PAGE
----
The SENSORY INTEGRATION INVENTORY REVISED FOR INDIVIDUALS WITH DEVELOPMENTAL DISABILITIES is available from Therapro.
Developed by Judith Reisman and Bonnie Hanschu, in 1992, but just as relevant today. This assessment tool was developed in collaboration with OT’s who worked with people with severe and profound learning disabilities, who could not cooperate fully in more formalised testing of their sensory integration.
The guidebook gives a rationale for the inclusion of each item in the Inventory, as an indicator of sensory integration difficulties. It also provides an alternative, sensory explanation for behaviors that challenge staff teams and carers, that are often presumed to be primarily learnt, behavioural or psychosocial in origin.
We recommend the User’s Guide as a learning tool for all novice sensory integration students as it provides down-to-earth examples that help explain many sensory integration concepts.
Is your stress changing someone else’s brain? A research study by Jaideep Bains and a team at the Hotchkiss Brain Institute (HBI), at the University of Calgary, has suggested that stress can be transmitted from one person to another, changing the brain of the other person too. The study shows that social contact by female mice reverses the effects, but not for male mice.
It is so disappointing to once again read research about Ayres’ Sensory Integration purporting to examine ASI versus other therapies, reporting ASI does not have an effect. This is especially important when there is an evidence for ABA, the behavioural intervention in these studies possibly resulting in trauma.
There is a growing evidence base, not just for the existence of sensory integration difficulties and sensory processing difference across the lifespan and across a range of different clinical presentations, but also for the therapy as developed by Jean A Ayres.
Intervention studies that provide evidence sensory integration may be effective include Pfeiffer et al 2011 and most recently a systematic review by Schaaf et al 2018 also examines growing evidence in support of ASI.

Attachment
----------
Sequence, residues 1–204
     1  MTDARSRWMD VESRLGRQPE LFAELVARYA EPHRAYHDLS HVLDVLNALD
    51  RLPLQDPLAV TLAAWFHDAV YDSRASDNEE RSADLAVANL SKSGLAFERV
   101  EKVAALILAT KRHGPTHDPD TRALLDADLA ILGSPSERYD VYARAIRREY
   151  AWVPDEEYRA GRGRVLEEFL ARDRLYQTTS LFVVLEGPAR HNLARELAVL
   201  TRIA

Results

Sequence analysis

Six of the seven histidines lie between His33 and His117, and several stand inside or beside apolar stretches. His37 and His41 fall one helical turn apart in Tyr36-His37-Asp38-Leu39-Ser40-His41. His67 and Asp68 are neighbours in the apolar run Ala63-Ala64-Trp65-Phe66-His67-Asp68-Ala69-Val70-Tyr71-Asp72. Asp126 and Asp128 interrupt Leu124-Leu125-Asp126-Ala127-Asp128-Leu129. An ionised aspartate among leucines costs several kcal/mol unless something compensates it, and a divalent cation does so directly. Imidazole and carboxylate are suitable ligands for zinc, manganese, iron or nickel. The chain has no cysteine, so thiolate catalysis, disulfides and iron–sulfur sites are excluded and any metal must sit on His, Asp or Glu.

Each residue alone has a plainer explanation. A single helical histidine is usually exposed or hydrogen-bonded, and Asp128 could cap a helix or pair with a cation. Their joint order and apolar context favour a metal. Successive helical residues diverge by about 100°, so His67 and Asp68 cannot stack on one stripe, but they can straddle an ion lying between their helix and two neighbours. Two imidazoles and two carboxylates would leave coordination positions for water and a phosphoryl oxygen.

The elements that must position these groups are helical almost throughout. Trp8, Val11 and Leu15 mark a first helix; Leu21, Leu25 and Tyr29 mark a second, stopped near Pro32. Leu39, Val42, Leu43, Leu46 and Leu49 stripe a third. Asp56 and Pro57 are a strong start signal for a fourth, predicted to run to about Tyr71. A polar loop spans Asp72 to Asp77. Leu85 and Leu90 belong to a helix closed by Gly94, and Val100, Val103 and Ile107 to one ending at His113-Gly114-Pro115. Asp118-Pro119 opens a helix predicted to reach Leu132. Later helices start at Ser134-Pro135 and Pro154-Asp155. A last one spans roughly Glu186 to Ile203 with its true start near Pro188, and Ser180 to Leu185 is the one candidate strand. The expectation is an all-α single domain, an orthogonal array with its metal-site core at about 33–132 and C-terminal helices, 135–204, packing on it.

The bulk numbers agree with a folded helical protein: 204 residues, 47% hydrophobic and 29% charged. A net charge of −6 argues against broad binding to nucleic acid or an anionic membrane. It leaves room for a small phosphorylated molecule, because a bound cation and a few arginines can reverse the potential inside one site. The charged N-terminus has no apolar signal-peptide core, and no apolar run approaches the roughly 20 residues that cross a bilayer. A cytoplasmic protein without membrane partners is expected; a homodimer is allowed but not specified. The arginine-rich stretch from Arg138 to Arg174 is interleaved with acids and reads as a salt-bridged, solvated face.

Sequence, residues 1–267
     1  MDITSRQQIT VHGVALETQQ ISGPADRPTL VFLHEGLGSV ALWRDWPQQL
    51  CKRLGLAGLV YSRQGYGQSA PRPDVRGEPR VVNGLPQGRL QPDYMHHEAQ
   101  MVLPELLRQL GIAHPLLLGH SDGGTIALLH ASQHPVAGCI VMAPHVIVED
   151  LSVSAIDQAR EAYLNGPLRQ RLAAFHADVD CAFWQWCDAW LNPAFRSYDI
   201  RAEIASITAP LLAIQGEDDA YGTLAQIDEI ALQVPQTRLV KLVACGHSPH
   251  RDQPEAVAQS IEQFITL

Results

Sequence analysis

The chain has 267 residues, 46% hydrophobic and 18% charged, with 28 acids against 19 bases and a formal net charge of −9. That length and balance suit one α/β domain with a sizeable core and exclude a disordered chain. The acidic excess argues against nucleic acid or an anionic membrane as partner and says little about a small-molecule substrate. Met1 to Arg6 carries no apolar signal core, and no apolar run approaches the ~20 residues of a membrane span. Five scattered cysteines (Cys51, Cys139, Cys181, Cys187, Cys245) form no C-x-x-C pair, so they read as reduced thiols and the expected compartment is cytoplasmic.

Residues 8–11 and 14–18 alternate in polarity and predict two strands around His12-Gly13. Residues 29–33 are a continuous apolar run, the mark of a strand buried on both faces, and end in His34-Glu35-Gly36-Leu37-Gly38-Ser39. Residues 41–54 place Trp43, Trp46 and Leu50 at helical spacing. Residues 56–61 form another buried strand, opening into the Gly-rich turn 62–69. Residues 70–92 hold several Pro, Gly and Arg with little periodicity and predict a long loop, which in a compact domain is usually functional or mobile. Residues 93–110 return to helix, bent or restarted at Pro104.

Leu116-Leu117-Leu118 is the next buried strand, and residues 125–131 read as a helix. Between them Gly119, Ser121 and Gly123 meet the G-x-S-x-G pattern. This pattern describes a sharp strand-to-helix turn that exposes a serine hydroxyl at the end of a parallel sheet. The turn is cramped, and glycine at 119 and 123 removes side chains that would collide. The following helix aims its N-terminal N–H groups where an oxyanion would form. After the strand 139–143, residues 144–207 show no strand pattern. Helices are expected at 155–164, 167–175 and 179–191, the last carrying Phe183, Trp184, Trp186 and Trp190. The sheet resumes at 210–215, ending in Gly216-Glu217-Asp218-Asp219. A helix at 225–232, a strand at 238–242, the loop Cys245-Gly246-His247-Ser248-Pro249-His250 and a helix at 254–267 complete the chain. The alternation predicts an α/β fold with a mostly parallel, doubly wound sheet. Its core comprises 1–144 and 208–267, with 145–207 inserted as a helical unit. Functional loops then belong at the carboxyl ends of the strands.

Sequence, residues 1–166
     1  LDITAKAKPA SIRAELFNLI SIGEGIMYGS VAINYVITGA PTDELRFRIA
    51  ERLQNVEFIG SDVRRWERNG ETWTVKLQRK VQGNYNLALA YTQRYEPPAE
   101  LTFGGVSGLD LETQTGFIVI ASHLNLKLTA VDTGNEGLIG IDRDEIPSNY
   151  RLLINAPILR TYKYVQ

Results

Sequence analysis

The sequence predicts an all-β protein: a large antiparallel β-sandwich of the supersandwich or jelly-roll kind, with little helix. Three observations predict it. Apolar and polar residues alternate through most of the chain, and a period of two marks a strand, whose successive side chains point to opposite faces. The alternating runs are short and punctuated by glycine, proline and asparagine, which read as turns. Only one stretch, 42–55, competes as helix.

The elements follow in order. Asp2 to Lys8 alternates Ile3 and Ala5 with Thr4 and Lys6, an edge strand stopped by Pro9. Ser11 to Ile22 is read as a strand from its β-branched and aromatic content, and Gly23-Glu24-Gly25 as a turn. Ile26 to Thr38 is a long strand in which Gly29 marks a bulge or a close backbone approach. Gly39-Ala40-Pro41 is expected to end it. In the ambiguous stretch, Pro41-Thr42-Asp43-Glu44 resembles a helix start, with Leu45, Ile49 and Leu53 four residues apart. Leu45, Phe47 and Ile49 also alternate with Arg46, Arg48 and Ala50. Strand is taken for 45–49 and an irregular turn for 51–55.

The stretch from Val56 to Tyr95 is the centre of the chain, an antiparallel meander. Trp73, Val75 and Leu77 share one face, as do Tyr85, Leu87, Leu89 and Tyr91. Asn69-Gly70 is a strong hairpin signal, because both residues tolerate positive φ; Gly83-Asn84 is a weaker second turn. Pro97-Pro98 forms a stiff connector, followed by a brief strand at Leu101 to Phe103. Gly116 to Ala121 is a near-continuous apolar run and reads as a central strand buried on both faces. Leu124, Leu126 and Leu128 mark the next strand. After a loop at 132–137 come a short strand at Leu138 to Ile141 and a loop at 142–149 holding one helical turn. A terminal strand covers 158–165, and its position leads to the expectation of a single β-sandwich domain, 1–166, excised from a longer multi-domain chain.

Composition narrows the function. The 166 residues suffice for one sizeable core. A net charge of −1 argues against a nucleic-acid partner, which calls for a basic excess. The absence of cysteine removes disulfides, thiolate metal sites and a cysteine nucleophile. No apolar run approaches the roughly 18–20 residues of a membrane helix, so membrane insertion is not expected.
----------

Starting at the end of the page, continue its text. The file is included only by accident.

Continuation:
“evidence is strong that ASI intervention demonstrates positive outcomes for improving individually generated goals of functioning and participation as measured by Goal Attainment Scaling for children with autism. Moderate evidence supported improvements in impairment-level outcomes of improvement in autistic behaviors and skills-based outcomes of reduction in caregiver assistance with self-care activities” Schaaf et al 2018
Recently there has been a spate of research comparing ASI to other behavioural approaches. Sadly, what is described as ASI is most definitely not. Spinning someone 10 times one way and then the next, with a few pushups thrown in, is not Ayres’ Sensory Integration!
If you read or report studies that say that ASI doesn’t work compared to other therapies for Autism, please do so very very carefully. Those of us properly trained in ASI, to postgraduate level, as per the International Council for Education in Ayres Sensory (ICEASI) guidelines read the descriptions of what is delivered, we do not recognise it as being ASI therapy. This therapy was carefully researched and developed by Jean Ayres, and overtime has been researched and further developed including the development of the ASI FIdelity Tool (Parham et al 2011).
A parent who works in advertising and marketing pointed out to me that if what is written in these studies was on a website advertising these behavioural services instead of ASI, their description of ASI and their claims may be grounds for an argument for false advertising!